France’s president says his country fully backs Cyprus’ sovereign right to search for gas off the island nation’s coast amid continued opposition by neighboring Turkey.
Speaking at the end of a southern European summit Tuesday, Emmanuel Macron said that France is “very concerned” about what’s happening in waters around the island and that he conveyed that to Turkish President Recep Tayyip Erdogan.
The island was split in 1974 after a Turkish invasion triggered by a brief Greek-inspired coup. Countless peacemaking endeavors have failed, and offshore wealth has increasingly complicated peace negotiations even though Greek Cypriots say that matter is not up for discussion.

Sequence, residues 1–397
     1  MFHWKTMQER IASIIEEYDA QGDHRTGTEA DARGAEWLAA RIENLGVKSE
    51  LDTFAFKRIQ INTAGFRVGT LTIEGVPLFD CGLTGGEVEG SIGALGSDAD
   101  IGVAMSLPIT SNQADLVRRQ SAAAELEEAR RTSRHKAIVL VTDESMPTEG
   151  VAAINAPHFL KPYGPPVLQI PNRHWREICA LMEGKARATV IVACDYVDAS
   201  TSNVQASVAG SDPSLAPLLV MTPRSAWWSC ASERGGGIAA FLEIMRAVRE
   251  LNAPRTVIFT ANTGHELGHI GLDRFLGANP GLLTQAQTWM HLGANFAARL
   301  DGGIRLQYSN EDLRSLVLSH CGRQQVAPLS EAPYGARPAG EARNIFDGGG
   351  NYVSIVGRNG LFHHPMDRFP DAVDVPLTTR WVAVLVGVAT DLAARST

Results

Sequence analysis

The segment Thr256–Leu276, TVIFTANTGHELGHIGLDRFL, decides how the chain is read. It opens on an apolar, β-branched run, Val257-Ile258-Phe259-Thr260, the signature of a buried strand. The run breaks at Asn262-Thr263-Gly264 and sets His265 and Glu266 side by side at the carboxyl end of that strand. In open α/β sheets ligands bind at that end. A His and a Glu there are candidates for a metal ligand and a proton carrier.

France’s Total is among several energy companies licensed to search for gas off Cyprus. Turkey says the search breaches its rights and those of breakaway Turkish Cypriots to potential hydrocarbon deposits and will conduct its own exploratory drilling around the island.
France, Italy, Greece, Portugal, Malta, Spain and Cyprus said in a joint declaration that they see the Mediterranean as a “strategic corridor” for conveying gas to Europe.
Turkey had stated that it will begin drilling for resources around Cyprus in a move that could create tensions with neighboring Cyprus and Greece over ownership of natural resources.
Attempts to tap gas and oil in the eastern Mediterranean have caused friction between Athens and Ankara.